# Quantum chemistry on quantum computers

January 02, 2019Quantum computing and quantum information processing technology have attracted attention in recently emerging fields. Among many important and fundamental issues in nowadays science, solving Schroedinger Equation (SE) of atoms and molecules is one of the ultimate goals in chemistry, physics and their related fields. SE is "First Principle" of non-relativistic quantum mechanics, whose solutions termed wave-functions can afford any information of electrons within atoms and molecules, predicting their physicochemical properties and chemical reactions. Researchers from Osaka City University (OCU) in Japan, Dr. K. Sugisaki, Profs. K. Sato and T. Takui and coworkers have found a novel quantum algorithm enabling us to perform full configuration interaction (Full-CI) calculations suitable for "chemical reactions" without exponential/combinatorial explosion. Full-CI gives the exact numerical solutions of SE, which are intractable problems with any supercomputers. Such a quantum algorithm contributes to the acceleration of implementing practical quantum computers. Nowadays chemistry and physics have sought to predict complex chemical reactions by invoking Full-CI approaches since 1929, but never been successful until now. Now Full-CI calculations are potentially capable of predicting chemical reactions, and a new Full-CI approach suitable for the prediction is implemented on quantum computers, for the first time.

The paper will be published at 8:00 AM on Jan. 2, 2019 (US Eastern Time Zone) in

*ACS (American Chemical Society) Central Science*.

They said, "As Dirac claimed in 1929 when quantum mechanics was established, the exact application of mathematical theories to solve SE leads to equations too complicated to be soluble [1]. In fact, the number of variables to be determined in the Full-CI method grows exponentially against the system size, and it easily runs into astronomical figures such as exponential explosion. For example, the dimension of the Full-CI calculation for benzene molecule C6H6, in which only 42 electrons are involved, amounts to 1044, which are impossible to be dealt with by any supercomputers. What is worse, molecular systems during the dissociation process are characterized by extremely complex electronic structures (multiconfigurational nature), and relevant numerical calculations are impossible on any supercomputers."

According to the OCU research group, quantum computers can date back to a Feynman's suggestion in 1982 that the quantum mechanics can be simulated by a computer itself built of quantum mechanical elements which obey quantum mechanical laws. After more than 20 years later, Prof. Aspuru-Guzik, Harvard Univ. (Toronto Univ. since 2018) and coworkers proposed a quantum algorithm capable of calculating the energies of atoms and molecules not exponentially but polynomially against the number of the variables of the systems, making a breakthrough in the field of quantum chemistry on quantum computers [2].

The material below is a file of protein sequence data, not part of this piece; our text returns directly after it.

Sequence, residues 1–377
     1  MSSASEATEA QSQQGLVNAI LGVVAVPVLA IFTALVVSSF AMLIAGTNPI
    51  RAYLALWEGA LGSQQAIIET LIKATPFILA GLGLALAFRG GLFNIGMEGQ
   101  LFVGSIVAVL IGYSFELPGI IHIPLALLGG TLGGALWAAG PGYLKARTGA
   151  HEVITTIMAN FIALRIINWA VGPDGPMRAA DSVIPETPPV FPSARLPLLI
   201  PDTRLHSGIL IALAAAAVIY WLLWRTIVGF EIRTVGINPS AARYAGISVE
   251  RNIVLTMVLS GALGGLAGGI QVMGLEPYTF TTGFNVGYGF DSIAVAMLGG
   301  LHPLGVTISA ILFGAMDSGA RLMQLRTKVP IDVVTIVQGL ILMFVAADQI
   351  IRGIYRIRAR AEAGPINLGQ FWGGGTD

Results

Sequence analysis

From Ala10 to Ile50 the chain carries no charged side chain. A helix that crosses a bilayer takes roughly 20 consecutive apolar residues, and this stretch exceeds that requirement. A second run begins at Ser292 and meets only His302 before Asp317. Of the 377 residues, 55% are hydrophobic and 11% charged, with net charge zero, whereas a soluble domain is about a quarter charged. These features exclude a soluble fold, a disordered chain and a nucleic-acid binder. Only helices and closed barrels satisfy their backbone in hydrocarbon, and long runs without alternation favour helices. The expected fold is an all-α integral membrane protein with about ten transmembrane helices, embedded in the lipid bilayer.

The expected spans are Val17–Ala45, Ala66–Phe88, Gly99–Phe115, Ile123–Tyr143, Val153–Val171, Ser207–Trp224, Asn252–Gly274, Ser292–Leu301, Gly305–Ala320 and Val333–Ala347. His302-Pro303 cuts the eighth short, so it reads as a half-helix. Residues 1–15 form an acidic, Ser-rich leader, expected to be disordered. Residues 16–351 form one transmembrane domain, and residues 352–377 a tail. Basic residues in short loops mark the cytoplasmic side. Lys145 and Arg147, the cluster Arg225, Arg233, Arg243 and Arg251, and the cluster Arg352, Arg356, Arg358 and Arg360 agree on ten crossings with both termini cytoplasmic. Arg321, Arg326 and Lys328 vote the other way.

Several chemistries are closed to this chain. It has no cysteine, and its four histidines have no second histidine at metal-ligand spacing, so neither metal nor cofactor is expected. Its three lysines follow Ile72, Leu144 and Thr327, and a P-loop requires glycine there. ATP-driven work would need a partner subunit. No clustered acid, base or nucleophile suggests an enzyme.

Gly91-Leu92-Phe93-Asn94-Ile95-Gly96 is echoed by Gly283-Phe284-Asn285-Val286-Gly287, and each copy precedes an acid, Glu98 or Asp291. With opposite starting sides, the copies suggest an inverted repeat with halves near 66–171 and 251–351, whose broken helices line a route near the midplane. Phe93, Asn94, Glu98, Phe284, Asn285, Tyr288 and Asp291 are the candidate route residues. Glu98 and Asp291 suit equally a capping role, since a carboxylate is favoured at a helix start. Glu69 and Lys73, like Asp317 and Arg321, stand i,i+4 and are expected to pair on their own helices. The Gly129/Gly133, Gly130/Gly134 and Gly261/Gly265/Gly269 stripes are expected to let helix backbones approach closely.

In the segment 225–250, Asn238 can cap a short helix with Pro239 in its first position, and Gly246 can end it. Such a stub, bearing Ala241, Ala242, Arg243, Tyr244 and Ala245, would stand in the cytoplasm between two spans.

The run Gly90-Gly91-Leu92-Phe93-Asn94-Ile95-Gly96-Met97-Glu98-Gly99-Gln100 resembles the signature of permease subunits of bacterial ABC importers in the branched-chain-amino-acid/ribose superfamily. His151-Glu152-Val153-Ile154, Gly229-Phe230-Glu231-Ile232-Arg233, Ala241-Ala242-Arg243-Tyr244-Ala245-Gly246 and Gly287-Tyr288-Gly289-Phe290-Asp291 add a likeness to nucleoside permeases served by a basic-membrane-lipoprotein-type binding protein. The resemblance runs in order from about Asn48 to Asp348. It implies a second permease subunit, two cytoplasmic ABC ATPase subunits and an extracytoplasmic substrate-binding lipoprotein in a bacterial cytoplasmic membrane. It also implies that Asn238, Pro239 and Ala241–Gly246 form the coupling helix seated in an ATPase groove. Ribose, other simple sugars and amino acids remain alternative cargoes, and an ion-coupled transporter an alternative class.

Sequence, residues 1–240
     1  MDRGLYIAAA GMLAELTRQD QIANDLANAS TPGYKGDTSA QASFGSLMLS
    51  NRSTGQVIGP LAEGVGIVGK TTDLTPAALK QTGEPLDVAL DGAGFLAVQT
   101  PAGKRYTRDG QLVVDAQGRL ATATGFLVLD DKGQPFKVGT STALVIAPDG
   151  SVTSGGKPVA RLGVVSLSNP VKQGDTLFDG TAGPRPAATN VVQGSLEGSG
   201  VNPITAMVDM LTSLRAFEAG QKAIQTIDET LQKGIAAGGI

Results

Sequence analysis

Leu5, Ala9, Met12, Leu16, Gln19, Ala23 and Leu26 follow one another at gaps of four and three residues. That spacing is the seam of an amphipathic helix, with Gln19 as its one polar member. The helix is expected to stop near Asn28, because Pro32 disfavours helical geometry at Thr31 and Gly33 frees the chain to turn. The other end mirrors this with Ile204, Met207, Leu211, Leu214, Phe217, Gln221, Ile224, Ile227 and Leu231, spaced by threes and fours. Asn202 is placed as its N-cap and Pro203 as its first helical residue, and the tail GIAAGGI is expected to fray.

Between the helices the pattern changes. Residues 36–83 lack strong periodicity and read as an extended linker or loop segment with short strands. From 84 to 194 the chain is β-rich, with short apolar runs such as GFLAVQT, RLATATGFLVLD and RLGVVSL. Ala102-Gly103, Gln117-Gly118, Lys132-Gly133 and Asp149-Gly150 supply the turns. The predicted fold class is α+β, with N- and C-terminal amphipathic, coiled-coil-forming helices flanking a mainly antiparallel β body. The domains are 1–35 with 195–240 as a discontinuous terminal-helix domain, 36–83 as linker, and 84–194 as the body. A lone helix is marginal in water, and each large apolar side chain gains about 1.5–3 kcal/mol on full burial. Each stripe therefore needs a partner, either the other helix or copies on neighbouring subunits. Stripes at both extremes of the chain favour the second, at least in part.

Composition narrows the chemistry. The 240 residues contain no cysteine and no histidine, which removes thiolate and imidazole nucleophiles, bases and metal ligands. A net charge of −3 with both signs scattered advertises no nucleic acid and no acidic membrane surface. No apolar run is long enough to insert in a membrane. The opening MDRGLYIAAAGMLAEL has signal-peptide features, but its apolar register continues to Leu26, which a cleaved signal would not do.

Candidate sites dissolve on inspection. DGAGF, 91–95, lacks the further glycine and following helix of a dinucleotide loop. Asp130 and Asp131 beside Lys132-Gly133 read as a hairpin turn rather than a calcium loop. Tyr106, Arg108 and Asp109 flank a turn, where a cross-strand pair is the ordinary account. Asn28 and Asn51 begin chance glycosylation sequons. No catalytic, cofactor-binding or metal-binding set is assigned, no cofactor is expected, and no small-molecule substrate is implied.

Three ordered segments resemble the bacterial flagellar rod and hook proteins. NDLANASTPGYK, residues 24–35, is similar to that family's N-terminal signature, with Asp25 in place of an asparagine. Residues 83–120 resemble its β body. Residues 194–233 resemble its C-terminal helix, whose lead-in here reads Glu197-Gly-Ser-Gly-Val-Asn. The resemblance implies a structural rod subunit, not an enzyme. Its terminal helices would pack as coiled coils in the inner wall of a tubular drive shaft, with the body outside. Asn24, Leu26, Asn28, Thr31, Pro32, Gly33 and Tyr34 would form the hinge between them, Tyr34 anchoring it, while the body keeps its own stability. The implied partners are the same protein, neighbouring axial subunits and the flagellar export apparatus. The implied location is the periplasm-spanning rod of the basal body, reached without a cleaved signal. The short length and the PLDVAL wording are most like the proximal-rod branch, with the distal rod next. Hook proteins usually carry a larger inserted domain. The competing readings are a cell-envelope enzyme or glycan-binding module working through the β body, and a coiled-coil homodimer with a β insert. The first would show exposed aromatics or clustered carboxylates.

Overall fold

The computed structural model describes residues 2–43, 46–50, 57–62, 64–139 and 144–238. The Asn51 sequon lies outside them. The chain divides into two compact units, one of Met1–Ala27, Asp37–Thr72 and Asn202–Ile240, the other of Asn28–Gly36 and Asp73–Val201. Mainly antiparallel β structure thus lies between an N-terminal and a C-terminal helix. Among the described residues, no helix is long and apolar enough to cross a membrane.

When Aspuru's quantum algorithm is applied to the Full-CI calculations on quantum computers, good approximate wave functions close to the exact wave functions of SE under study are required, otherwise bad wave functions need an extreme number of steps of repeated calculations to reach the exact ones, hampering the advantages of quantum computing. This problem becomes extremely serious for the analyses of chemical reactions, which have many multiconfigurational nature due to electrons not participating in chemical bonding during the bond dissociation. The OCU researchers have tackled this problem, one of the most intractable issues in quantum science and chemistry, and made a breakthrough in implementing a new quantum algorithm generating particular wave functions termed configuration state functions (CSFs) in polynomial computing time in 2016 [3] and 2018 [4].

The previously proposed algorithms for quantum computing, however, are still demanding to efficiently solve SE for whole chemical reaction pathways, which inevitably involve the dissociation and formation of many chemical bonds and, as a result, generate so many electrons not participating in chemical bonds, making the quantum algorithms difficult to apply, termed "Quantum Dilemma". The OCU researchers have introduced a "diradical character, yi(0 ~ 1)" to measure and characterize the nature of open shell electronic structures, and exploited the diradical characters to construct multiconfigurational wave functions required for chemical reactions, executing the Full-CI calculations along the whole reaction pathways on quantum computers. This new procedure requires no time-consuming sophisticated post-Hartree-Fock calculations, avoiding the exponential explosion of the calculation and solving "Quantum Dilemma", for the first time. The OCU group said, "This is the first example of a practical quantum algorithm, which makes quantum chemical calculations for predicting chemical reaction pathways realizable on quantum computers equipped with a sizable number of qubits. The implementation empowers practical applications of quantum chemical calculations on quantum computers in many important fields of chemistry and materials science."

-end-